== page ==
Does Mirtazapine Have a More Rapid Onset Than SSRIs?

Frederic M. Quitkin, Bonnie P. Taylor, and Charlotte Kremer

Published: May 1, 2001

Article Abstract

Background: A single study utilizing across-sectional analysis of scores on the Hamilton Rating Scalefor Depression (HAM-D) suggested that mirtazapine has a morerapid onset than selective serotonin reuptake inhibitors (SSRIs).Analysis based on the HAM-D may favor drugs with sleep-producingeffects. The purpose of the present study was to determine if areview of all studies comparing an SSRI with mirtazapine,utilizing persistent improvement as the dependent variable, wouldsuggest that mirtazapine had a more rapid onset than SSRIs.

Method: All double-blind studies comparingmirtazapine with SSRIs were analyzed. Included in the analysis todetermine speed of onset were 298 patients taking mirtazapine and285 taking an SSRI. Pattern analysis, which has been describedand used by other researchers, was employed to study speed ofonset.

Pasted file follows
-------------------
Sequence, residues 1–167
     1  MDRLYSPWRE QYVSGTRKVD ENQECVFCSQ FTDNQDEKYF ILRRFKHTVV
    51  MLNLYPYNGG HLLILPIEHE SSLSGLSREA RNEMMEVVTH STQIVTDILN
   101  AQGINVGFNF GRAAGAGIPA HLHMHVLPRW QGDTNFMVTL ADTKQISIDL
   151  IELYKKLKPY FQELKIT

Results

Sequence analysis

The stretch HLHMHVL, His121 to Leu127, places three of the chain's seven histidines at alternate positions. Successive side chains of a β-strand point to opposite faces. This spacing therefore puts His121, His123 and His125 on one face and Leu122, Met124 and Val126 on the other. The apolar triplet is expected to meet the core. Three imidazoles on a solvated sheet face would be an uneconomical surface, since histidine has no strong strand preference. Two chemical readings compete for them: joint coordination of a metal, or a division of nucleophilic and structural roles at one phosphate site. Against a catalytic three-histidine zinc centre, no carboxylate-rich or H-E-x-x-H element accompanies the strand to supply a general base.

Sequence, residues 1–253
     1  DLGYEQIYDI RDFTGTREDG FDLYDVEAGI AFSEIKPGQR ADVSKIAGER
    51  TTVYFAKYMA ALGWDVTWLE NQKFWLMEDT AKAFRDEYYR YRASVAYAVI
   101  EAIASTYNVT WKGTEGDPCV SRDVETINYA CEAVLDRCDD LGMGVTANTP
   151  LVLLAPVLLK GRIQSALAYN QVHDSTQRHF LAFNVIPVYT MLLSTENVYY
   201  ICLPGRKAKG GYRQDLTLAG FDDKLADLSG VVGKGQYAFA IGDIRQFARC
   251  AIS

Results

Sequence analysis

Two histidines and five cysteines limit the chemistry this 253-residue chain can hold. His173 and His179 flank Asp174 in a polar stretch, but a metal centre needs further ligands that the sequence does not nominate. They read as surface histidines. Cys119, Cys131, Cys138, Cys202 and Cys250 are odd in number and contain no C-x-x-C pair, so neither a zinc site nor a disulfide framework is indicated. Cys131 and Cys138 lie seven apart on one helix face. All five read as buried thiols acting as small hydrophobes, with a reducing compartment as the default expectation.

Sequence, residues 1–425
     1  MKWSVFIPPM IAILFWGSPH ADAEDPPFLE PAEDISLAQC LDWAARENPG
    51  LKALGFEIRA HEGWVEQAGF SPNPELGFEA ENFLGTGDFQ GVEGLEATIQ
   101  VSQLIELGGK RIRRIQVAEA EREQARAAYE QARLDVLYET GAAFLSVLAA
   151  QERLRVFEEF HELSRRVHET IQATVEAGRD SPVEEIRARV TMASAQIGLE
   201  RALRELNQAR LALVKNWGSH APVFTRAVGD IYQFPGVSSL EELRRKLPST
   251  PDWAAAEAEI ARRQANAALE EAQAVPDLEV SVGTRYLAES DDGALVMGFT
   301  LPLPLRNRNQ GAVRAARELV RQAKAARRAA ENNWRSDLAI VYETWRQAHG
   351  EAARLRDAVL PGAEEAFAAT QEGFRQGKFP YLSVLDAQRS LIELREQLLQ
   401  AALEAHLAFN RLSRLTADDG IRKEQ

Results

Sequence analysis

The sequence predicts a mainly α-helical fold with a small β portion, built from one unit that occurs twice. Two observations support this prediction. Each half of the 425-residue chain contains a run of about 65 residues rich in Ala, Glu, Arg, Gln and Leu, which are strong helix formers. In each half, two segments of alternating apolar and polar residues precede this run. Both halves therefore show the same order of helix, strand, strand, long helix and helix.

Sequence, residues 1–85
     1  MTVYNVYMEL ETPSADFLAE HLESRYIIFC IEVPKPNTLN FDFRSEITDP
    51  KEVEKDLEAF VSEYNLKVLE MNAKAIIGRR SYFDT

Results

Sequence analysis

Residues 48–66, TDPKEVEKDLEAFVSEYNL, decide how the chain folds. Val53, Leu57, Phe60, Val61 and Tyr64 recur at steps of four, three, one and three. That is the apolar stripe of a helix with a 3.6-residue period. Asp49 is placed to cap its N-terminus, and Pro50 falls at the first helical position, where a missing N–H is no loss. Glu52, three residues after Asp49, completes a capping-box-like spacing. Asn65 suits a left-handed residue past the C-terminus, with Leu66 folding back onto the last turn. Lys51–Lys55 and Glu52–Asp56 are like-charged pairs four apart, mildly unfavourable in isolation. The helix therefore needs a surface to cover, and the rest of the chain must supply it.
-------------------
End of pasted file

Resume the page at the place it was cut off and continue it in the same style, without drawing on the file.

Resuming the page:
Results: At the end of each of the 3 studies,the total number of responders for each of the drugs did notdiffer. However, the proportion of responders with onset ofpersistent improvement in week 1 was greater for mirtazapine(13%, 38/298) than for the SSRIs (6%, 18/285; chi2 =6.95, df = 1, p = .008).

Conclusion: These data support the possibilitythat mirtazapine may have a more rapid onset than SSRIs. Thisobservation should be considered preliminary because of theretrospective nature of the analysis and the absence of a placebogroup.

Volume: 62

Quick Links: Depression (MDD)

Continue Reading…

Subscribe to read the entire article


Buy this Article as a PDF

Sign-up to stay
up-to-date today!


Already registered? Sign In

Clinical and Practical Psychopharmacology

Antipsychotic Augmentation With N-Acetylcysteine for Patients With Schizophrenia

Dr Andrade discusses whether or not recent findings support the use of NAC as antipsychotic augmentation in...